The other day my daughter was frustrated by her math homework. She was plotting x and y coordinates onto a grid, but a few of her answers just didn’t line up. I suggested that we check her work, and in the back of my mind I recalled that there might be a quick way to do that right on my Mac.
The app in question is Grapher, a utility you probably never realized has been installed on your Mac since 2005. It is one of the unsung heroes of the Utilities folder. Placed inside the Applications folder, Utilities is the subfolder where Apple banishes apps that it wants to keep as a standard part of OS X without giving them the exposure that the main Applications folder supplies.
Grapher is, as you might have gotten from the name, a tool for graphic equations. It’s got a lot of complex modes in both 2D and 3D, but for my daughter’s simple eighth-grade math problem we used the most basic of 2D graphs. Type in an equation and Grapher graphs it.
If you didn’t know that Grapher existed, would you know to look for it? Such is life in the Utilities folder.
Unlike more stellar stock apps such as Calculator and Chess (both living large in Applications), Grapher must live in the relative obscurity of that subfolder. But it shares space with some pretty great apps, including Activity Monitor, one of the apps I use the most. Activity Monitor keeps me informed about how my Mac’s processor, networking, memory, and storage are doing.
Also shining in the Utilities folder: Disk Utility, which lets you format and partition disks as well as create disk images; Migration Assistant, which aids in transferring data from your old Mac to a newer model; and Terminal, the app that gives you access to all the power of the Unix command-line.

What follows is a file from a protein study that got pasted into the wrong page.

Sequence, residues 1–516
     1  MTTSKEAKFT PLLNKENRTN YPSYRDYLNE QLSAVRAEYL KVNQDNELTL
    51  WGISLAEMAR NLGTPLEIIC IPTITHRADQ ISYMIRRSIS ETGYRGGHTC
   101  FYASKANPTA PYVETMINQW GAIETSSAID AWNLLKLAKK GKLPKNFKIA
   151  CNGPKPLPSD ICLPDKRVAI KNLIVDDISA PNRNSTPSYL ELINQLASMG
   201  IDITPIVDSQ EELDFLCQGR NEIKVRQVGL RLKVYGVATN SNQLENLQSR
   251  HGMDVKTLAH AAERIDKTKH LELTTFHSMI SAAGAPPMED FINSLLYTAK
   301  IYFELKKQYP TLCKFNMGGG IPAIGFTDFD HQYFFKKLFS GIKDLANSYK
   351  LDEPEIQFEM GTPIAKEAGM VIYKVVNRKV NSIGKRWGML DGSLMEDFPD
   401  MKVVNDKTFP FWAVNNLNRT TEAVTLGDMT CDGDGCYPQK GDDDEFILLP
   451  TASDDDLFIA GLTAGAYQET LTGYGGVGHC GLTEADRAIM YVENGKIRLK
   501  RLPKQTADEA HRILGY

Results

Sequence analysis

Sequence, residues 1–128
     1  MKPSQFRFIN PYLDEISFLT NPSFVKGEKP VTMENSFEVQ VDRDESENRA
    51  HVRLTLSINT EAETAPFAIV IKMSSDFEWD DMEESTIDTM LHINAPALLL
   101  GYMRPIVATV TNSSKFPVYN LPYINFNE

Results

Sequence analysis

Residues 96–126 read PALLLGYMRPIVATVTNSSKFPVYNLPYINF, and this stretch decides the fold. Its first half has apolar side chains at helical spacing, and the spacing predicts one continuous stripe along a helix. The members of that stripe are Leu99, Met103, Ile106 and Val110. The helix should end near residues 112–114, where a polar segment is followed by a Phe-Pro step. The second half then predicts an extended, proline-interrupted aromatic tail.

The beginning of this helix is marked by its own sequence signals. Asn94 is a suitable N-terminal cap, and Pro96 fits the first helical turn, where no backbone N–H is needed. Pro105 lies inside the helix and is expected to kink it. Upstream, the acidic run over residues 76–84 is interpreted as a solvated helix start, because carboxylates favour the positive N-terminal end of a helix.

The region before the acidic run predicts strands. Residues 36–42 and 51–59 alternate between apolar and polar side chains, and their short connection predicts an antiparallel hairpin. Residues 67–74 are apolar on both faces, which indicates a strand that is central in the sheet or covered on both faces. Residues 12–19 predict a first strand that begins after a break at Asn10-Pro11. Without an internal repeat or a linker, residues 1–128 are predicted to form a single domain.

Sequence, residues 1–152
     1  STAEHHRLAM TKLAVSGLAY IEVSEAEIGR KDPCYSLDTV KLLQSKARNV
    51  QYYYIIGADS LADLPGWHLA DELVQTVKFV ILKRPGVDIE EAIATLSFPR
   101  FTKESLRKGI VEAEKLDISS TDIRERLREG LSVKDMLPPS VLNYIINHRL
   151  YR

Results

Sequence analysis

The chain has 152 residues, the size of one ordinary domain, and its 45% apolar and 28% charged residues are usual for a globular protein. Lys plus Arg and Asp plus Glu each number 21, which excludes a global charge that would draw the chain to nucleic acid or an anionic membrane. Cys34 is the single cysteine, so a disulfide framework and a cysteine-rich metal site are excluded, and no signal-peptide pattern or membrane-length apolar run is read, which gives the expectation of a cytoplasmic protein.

There are still a few oddballs, though. Keychain Access is where OS X stores a lot of saved passwords, including the ones from Wi-Fi networks. If your Mac remembers the password to a Wi-Fi network but you’ve forgotten it, you can look it up using Keychain Access. Just search for the access point’s name, click on the network in the list, and type Command-I or click the
i button at the bottom of the window. Check the Show Password box at the bottom of the resulting window, enter your Mac account password, and the Wi-Fi password will be displayed in plain text.
Grab is a screenshot utility that, in the early days of OS X, was really the only way to get good screenshots. It’s long been surpassed by other utilities and the built-in Command-Shift–3 and Command-Shift–4 shortcuts, but it can still be useful on occasion, most especially for its ability to take a screenshot 10 seconds after you select the Timed Screen command from the Capture menu. If you need to jockey a Mac’s interface into just the right location for a screenshot, that can be useful. I probably use Grab once a year, but it does come in handy.
If you’re very lucky you may find QuickTime Player 7 in your Utilities folder, too. The current version of QuickTime Player lacks all sorts of features that the older version still supports, so Apple allows it to kick around in the Utilities folder.
But don’t pity the apps that live in /Applications/Utilities too much. After all, it could be worse. Another ragtag collection of apps lives in /System/Library/CoreServices/Applications, including the quite useful Network Utility, Archive Utility, Screen Sharing, and Wireless Diagnostics. These apps are generally launched from other parts of OS X, rather than by double-clicking, which explains why they’re so hidden away.